Heavy Hitters Fund Lordstown Motors

Mark Walsh was a Wall Street dealmaker regarded by many as one of the sharpest real estate financiers in the country. That is, until his company, Lehman Brothers, collapsed in 2008 and took with it the rest of the U.S. economy.

Today, Walsh finds himself as a principal shareholder and director of DiamondPeak Holdings Corp., a special purpose acquisition company, or SPAC, that this month announced a merger with electric vehicle startup Lordstown Motors Corp. 

Walsh, along with DiamondPeak CEO and New York real estate tycoon David Hamamoto, are among the heavy hitters ready to call the shots behind the fledgling Trumbull County automaker as it retools General Motors’ former Lordstown plant and prepares to launch its first vehicle, the Lordstown Endurance pickup, next summer.

“We started talking to SPACs about three months ago,” Lordstown Motors CEO Steve Burns told CNBC on Aug. 3. “You have to find one that’s a good fit and their CEO really melded with our vision and our team.”

DiamondPeak was formed in 2018 under Hamamoto’s leadership and went public in February 2019.  According to filings with the Securities and Exchange Commission, the company was established to identify companies suited for mergers and acquisitions, especially ones “with a real estate component.”

The strategy made sense given DiamondPeak’s management team. 

Walsh, who could not be reached for comment for this story, cut his teeth as a real estate attorney in Miami shortly after receiving his law degree from Fordham University School of Law in 1984. In 1988, he moved to the investment banking giant Lehman Brothers, where he earned profits that totaled in the “hundreds of millions” for the company through buying and selling loans on properties, many of which were in foreclosure, according to a New York Times profile published in 2009.

Walsh’s success didn’t go unnoticed, especially by Lehman’s chairman and CEO, Richard Fuld Jr. As Walsh rose through the ranks, he established close relationships with some of New York’s biggest real estate developers, coordinating, for example, Tishman Speyer’s 1997 purchase of the landmark Chrysler Building in Manhattan. By 2000, Walsh was selected to head a new private equity group at Lehman that was focused solely on real estate investments.

The market boomed. By 2004, Walsh became the director of Lehman’s Global Real Estate Group. To secure several high-profile real estate deals, Walsh deployed “bridge equity” financing and pumped Lehman money into the mix so its clients could beef up their offers.  As long as the real estate market was hot, the firm collected hefty fees on all of these deals. According to reports, Walsh’s sector generated more than 20% of Lehman’s $4 billion profit at the height of the real estate boom in the mid-2000s.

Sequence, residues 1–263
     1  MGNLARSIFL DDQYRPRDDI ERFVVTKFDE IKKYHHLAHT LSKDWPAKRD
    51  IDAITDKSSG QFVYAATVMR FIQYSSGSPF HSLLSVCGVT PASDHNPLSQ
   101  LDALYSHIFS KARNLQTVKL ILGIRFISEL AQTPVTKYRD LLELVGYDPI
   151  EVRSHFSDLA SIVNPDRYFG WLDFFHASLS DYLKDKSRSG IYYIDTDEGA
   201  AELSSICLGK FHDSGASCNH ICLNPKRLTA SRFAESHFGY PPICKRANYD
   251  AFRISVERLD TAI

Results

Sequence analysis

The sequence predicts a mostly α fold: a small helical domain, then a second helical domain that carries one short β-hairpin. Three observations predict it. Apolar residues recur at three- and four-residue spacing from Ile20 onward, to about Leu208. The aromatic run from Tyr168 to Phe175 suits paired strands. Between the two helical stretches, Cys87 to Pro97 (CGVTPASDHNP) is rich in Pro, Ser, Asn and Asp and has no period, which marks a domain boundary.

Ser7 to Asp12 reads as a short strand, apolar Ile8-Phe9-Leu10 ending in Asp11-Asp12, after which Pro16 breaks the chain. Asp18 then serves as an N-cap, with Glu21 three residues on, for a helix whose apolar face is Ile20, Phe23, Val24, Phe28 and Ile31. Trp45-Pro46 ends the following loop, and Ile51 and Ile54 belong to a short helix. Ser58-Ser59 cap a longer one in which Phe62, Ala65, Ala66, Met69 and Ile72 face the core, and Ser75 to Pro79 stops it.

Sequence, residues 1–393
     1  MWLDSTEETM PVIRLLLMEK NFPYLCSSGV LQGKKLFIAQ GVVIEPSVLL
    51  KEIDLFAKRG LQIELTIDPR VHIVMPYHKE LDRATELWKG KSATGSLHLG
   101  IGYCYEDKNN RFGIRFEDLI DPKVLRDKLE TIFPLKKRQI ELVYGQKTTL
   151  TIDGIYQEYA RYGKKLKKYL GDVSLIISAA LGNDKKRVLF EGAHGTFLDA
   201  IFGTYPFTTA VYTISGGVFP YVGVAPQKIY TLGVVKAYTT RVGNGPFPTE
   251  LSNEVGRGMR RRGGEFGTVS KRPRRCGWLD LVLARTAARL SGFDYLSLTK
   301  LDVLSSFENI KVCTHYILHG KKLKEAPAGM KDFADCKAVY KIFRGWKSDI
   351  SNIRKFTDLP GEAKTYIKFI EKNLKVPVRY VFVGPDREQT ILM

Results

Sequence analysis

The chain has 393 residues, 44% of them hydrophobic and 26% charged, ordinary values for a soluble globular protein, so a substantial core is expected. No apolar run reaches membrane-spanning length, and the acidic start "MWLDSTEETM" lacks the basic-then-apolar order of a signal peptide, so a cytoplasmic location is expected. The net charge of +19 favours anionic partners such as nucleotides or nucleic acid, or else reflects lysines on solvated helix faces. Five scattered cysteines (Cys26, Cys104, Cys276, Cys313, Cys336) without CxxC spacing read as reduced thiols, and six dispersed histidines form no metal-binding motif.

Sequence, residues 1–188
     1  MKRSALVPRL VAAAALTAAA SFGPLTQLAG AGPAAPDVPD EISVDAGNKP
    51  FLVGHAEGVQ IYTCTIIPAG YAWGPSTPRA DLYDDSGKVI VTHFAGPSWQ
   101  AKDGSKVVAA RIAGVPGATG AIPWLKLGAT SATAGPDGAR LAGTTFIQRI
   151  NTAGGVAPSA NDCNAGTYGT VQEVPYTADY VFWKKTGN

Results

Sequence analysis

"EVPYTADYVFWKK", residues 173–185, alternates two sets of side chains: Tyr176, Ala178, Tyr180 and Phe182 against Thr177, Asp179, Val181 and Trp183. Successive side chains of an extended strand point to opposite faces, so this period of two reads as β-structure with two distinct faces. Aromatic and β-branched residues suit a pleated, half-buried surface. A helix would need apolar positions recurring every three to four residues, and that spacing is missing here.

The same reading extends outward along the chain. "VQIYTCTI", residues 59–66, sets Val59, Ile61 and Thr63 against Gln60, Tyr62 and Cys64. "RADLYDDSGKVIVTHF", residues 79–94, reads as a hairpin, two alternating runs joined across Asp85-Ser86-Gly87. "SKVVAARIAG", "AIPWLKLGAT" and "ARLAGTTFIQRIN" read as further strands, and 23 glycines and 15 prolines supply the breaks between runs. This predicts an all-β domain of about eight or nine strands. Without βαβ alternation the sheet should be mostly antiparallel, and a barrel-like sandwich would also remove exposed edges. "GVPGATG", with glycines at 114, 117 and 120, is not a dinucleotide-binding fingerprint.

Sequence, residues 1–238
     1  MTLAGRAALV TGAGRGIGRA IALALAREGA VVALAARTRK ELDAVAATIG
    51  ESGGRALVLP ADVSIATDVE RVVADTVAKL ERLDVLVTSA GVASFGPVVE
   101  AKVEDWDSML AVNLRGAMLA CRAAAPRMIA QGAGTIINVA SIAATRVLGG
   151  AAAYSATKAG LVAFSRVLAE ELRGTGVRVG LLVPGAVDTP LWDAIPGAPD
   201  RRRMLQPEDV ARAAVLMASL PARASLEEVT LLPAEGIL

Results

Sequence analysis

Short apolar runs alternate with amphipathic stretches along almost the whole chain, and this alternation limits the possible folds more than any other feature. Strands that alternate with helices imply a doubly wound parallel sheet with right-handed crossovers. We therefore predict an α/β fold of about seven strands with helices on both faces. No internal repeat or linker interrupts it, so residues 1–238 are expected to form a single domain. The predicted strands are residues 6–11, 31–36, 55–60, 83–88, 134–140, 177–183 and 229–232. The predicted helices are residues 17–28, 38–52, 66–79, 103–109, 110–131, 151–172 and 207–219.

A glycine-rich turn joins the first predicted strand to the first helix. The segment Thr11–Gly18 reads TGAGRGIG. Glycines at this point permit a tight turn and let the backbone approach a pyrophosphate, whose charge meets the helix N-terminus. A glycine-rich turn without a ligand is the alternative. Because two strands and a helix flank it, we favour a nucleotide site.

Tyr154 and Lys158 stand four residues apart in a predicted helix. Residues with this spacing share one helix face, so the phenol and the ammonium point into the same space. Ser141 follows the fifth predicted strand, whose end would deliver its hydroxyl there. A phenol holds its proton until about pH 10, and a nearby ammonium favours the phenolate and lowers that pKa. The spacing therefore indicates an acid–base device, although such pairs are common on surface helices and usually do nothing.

But the strategy also left the company exposed in the event of a downturn.  Among Walsh’s riskier ventures was lending $2 billion to SunCal, a speculative real estate company based in Irvine, Calif. By 2006, investors that initially bought in wanted out, forcing Walsh to purchase their stake and transfer those assets onto Lehman Brothers’ ledgers. 

In another deal, Walsh spearheaded an effort to help Tishman Speyer acquire Archstone-Smith Trust, one of the largest apartment real estate investment trusts in the country, for $22 billion. Tishman Speyer put up just $250 million, while Lehman and Bank of America anted up $17.1 billion worth of debt and another $4.6 billion in bridge equity. That was in October 2007, just as the subprime market and credit crisis started to percolate. With no investment prospects, Lehman was left hanging – unable to sell off its bridge equity and stuck with a $2.2 billion stake in the project.

Ultimately, the combination of Lehman’s participation in both the high-risk subprime market and shaky commercial real estate ventures brought Lehman down like a house of cards. Unable to stanch the bleeding, Lehman filed for bankruptcy in September 2008, igniting a global economic crisis.

In an interview with Forbes in October 2008, former Lehman chief financial officer Erin McCallen appeared to shift some of the responsibility of Lehman’s demise onto Walsh. “The commercial real estate portfolio was really the albatross of the firm,” she said. According to reports, Lehman ended up with $29 billion in bad commercial mortgage debt on its books by the second quarter of 2008.

Nevertheless, Lehman executives still stood to cash in big.

According to documents obtained by The Los Angeles Times in 2012, Walsh was entitled to a pay package of $17.5 million in 2007, a year before the bankruptcy. In a three-year period, the real estate executive hauled in $70 million, according to the report.

Others see Walsh as a talented, intelligent and creative executive who generously supports initiatives in education and civic improvement.

“He’ll be back,” German developer Aby Rosen said in the New York Times profile. “He picked up the phone and people listen. Nobody can take that away from him.”

Two years later, he was back. In 2010, Walsh co-founded and now serves as managing director of Silverpeak, which bills itself as an “alternate investment management firm” that specializes in real estate, energy and credit markets.  According to SEC filings, Silverpeak is an investor in DiamondPeak Sponsor LLC, along with Hamamoto. Both Hamamoto and Walsh also hold private shares in DiamondPeak.

Hamamoto is also renowned in high-stakes real estate circles. In 2015, CNN Business ranked the founder of NorthStar Realty Finance Corp. ninth on its list of top-earning CEOs. That year, the executive earned more than $60 million in cash and stock options. In 2016, Colony Capital merged with NorthStar Realty and NorthStar Asset Management – a deal that Donald Trump confidant and Colony CEO Thomas Barrack thought would create a real estate investment trust valued at $9 billion. 

But the venture started to tank shortly after the deal closed. Hamamoto left the new company, Colony NorthStar, in November 2017. The following month, SEC filings showed Hamamoto sold off large chunks of his shares at prices as high as $12 per unit, making $27 million. As of Aug. 6, Colony was trading at $1.98 per share.